During the same period, the number of actual car articles (road tests, comparisons or other features) increased from 7 to 9… an increase, but not nearly in keeping with the amount of ads. And like you said, the content was drifting towards exotics and other high-dollar cars I couldn’t care less about.
Peter Egan’s writing alone kept me as a subscriber for many more years than I otherwise would have done.
On backs of old MT’s and C&D’s are cigarette ads with some mustached male model. Essentially saying “If you want to be a hit with ladies, then smoke”.
Agree 100% on all points. My friends in grade school would talk excitedly about the Countach being their dream car. And I couldn’t share an ounce of their enthusiasm. lol
The garish colour scheme on the Matchbox version didn’t help at encouraging an early interest.
I had that one too. It’s probably at my mom’s house currently waiting for service. As I recall, the engine cover lifted up. One of the few Matchbox’s of the era where the tires are probably at the correct scale width-wise.
Get one at Hyman Ltd.
But check with your bank first!!
All the big rags were deep into exotic car gushing when I was a little kid, and by the time I was maybe 12 those kinds of cars simply lost all their appeal to me. The last truly interesting cars in this category, in my lifetime, were from the very edge of the beginning of my lifetime – the Ferrari F40 and the Porsche 959 – every exotic since those two has been a copy or a blend of the formulas of them, incremental statistical improvements in technology simply don’t interest me, and styling since then has concurrently been less and less artful and expressive and more and more scientific and clinical. That’s a direct result of these kinds of magazine headlines as far as I’m concerned.
I liked the flared spoiler clad early 80s era Countach when I was a kid, a product of watching my Dad’s VHS copies of the Cannonball Run movies over and over, but now as I’ve matured I much prefer the original “plain” 74. It’s a much more of a daring work of automotive art, and that’s really the only point of this level of car when you try thinking about them rationally, stats don’t matter one bit. I look at this car, and I could envision it as a high speed transportation pod on a colonized moon, without a single change. It literally became a bit too earthbound when they added flares and wings to it.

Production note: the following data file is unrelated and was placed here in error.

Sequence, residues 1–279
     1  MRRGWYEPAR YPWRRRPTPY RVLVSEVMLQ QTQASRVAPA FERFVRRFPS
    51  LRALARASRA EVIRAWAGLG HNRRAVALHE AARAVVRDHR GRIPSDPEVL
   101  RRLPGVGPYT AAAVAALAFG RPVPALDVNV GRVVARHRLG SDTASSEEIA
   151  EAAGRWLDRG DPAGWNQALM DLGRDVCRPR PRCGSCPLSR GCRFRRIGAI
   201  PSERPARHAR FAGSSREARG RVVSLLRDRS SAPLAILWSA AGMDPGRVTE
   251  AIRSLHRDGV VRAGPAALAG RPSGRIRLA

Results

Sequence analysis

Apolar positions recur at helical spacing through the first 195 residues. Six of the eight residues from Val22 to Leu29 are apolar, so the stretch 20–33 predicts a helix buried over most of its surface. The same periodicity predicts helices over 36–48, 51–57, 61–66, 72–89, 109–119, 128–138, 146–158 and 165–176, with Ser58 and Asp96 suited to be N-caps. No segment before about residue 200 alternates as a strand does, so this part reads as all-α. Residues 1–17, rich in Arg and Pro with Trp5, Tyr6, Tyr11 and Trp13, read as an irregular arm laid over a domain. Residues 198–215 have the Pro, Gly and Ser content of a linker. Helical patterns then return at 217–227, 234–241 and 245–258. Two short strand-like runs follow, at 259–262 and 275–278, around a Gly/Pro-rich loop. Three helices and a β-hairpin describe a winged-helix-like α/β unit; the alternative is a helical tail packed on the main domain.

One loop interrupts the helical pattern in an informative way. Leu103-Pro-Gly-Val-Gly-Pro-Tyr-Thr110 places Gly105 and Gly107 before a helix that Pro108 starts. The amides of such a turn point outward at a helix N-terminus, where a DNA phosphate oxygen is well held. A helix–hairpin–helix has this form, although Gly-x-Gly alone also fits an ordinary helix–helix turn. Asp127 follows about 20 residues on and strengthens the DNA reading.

I was a big fan of the original Countach. It was a mind bender when it first arrived in 1971 or so. I loved it, and continued to like it until it was ruined, and then became available in the US and a pop culture icon. Yukk.
In its defense the ruin was gradual for me. I think the earliest form with the wide wheels and flares, the 400s I believe, looked decent, no less tasteful in execution than a Porsche 930 Turbo at least, but unlike the Porsche you could get it without the wing(like the one I see you posted below). That was my favorite version when I was a little kid, which is also the model you see in the cannonball run movies. When they became something like 5000QV as the 80s progressed and had the LEGO block bumpers, rocker extensions with Testarosa side stakes, and weird blocky treatment covering the whole taillight panel is where they really got truly ruined…
Don’t forget the US front bumper, which to be fair was due to the federal standards for the day, but in any case was truly hideous.
Apparently the bumper was easy to remove and once removed there was no evidence that it had ever been there in the first place. Which is why you may have never seen one before.
I didn’t forget, those are the LEGO block bumpers I was referring to. And I have seen them before, in fact I am reasonably certain the Countach I posted is a different view of the exact same Countach in the exact same spot you posted LOL
With or without the bumpers, they don’t fix those god awful staked rocker panel and taillight cover extensions that would be too cheesy even for a kit car of a Countach.
Then you’d recognize this car.
The high quality Cannonball Run I intro video (PolarBear’s clip of above) was removed from the internet. All that remains is a poorly recorded version.
Below is one from Cannonball Run II (same music) only the winged (and de-spoilered) Countach is white… wait, no red.
Back then, I thought all Countachs looked like this and I loved the look. I also wore flared jeans, wide lapel suits, and cowboy boots in NYC, so take that into consideration.
Thanks for the link! Good times.
*I was wearing boot cut Wranglers and Boots back then. Come to think of it, some things never change.
I’ve watched those movies maybe 3 times, but I watched those intro scenes more times than I can count. Don’t forget Speed Zone either! The engine sound is the best part, you can tell that’s a genuine Lamborghini V12 they used, which is kind of rare in Hollywood who often has some egregiously bad dubbing of engine sounds.
To me, the Euro Supercar articles are to appeal to what I call “casual car fans”. And meant to target an “upwardly mobile” audience for advertisers. i.e. the “if I won the lottery…” or “want to impress potential boss/spouse/club” types.